- Do you think of your work as a documentary?

I think it lies somewhere between documentary and pure art. I put always the human in the center of my works and make a testimony but I also need to express my feelings by doing creative series.


- You once said that you could not have taken Henri Cartier-Bresson’s The Decisive Moment in answer to a question from Vogue magazine. Please tell us why you think this.

I really like HCB and I am very impressed by him, even though I prefer Robert Doisneau from that time. I am not a photographer who takes pictures of what he sees every day or who catches a moment without a clear motive. I need to take pictures of something that fits my project. I never have a camera with me except when I am doing a job and I only shoot pictures linked to the project, even if there is something interesting going on. It is strange but that is how it is!


- What are the differences between holding an exhibition and producing a photo book? Are there any points you are careful about?

They are very different but essential. I need to make people dive into my project through the exhibition and the prints. I work a lot on my prints, it takes more than a year from taking pictures to releasing the first prints! And I need to tell all the stories to make the reader understand the entire project and to enter fully into the world of the subject. For me the book is the last step of a project, the quintessence! The book also provides the opportunity for me to invite a writer to interact with the project and to present a different point of view. Olivia and I think about this from the beginning of the project, it is always somewhere in our minds even though it is the last step!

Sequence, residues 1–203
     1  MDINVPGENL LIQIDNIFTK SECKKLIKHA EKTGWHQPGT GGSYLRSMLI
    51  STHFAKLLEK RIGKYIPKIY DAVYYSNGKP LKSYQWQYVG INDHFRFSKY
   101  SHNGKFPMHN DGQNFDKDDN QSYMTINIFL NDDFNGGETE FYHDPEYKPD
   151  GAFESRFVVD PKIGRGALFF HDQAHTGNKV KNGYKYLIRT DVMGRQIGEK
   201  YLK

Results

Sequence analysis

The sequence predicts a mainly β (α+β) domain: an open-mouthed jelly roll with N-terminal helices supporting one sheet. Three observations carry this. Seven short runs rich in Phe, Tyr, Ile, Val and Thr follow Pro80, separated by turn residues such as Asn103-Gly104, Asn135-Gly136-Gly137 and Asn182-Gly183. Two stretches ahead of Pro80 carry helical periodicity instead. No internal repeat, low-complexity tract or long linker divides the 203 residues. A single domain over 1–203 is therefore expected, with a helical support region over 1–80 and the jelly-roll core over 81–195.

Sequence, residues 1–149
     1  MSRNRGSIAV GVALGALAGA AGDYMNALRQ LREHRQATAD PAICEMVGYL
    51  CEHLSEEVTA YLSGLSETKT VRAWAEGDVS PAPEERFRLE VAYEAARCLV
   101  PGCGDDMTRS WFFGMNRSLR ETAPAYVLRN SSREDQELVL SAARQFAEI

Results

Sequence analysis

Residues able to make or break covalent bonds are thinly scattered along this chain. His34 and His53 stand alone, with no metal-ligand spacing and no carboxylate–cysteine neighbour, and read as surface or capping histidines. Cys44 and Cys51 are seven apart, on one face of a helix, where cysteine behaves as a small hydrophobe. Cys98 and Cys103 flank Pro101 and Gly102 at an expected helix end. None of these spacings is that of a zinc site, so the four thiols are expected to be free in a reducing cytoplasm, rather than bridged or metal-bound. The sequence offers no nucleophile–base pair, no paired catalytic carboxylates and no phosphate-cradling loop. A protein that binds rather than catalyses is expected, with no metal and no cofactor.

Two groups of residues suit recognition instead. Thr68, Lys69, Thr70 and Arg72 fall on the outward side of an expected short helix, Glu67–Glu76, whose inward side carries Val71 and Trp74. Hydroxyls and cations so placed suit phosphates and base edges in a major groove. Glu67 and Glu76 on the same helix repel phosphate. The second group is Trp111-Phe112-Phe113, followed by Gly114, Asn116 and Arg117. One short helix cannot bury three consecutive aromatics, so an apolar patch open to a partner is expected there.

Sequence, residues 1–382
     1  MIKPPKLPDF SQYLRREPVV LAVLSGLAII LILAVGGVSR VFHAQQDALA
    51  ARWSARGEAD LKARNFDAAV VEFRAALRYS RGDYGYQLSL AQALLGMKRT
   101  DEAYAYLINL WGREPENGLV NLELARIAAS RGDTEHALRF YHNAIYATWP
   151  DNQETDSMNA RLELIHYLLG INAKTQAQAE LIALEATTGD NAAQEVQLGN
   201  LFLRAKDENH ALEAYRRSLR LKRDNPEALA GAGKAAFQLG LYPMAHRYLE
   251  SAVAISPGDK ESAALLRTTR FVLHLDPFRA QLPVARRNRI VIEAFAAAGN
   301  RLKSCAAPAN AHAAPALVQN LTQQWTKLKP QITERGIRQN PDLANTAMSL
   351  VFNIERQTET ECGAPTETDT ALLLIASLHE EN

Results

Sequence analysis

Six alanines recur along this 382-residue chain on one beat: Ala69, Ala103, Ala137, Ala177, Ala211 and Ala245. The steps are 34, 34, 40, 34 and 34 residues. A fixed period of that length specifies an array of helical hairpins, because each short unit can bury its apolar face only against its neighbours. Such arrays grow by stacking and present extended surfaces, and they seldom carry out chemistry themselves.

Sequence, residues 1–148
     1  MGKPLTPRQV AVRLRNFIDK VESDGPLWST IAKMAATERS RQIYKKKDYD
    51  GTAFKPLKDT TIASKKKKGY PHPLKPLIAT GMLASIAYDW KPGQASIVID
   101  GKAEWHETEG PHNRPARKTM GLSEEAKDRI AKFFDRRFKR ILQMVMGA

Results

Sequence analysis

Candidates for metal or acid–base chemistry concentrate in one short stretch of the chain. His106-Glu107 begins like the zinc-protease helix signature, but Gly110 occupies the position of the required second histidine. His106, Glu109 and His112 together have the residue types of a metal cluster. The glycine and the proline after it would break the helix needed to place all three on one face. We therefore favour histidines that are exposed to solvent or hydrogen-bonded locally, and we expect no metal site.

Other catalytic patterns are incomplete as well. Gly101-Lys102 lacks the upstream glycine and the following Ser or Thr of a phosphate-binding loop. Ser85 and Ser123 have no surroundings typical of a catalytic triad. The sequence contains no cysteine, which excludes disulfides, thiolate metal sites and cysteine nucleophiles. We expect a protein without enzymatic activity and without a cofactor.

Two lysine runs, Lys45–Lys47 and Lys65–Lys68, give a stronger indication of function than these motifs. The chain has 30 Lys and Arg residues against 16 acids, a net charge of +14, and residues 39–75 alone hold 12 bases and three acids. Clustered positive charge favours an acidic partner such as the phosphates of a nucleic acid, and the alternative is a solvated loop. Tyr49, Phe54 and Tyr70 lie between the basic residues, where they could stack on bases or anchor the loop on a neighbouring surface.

- You are presently working in Kyoto. Please tell us why you became interested in Japan and Kyoto.
We could have gone to Tokyo but with two kids we chose Kyoto, it is more relaxing, I think, and quieter. The kids enjoyed it a lot and we live in a great, typical Japanese house, it is wonderful! Cold but wonderful! Having the opportunity to come to Japan for the exhibition we couldn’t miss the opportunity to live there! I hope that Olivia and I will be able to make a great project, it is not easy but it is captivating.

In Situ


- Do you have a message for the people in Japan.

Thank you very much for welcoming me into your great country and into your life, I hope I will be up to it!


Text/Akiko Tomita



Pierre-Elie de Pibrac   Photographer   

The grandson of the photographer Paul de Cordon, Pierre-Elie de Pibrac was born in Paris in 1983. He began to work in reportage in 2007, photographing in Cuba and Myanmar. After graduating from a prestigious business school in 2009, he devoted himself to photography. Moving to New York in 2010, Pierre-Elie produced his first major project, American Showcase and then in 2012 Real Life Super Heroes. He spent 8 months from 2016 living in Cuba where he produced the Desmemoria series featuring the Azucareros people who work in the sugar industry. This was published in October 2019 by Editions Xavier Barral.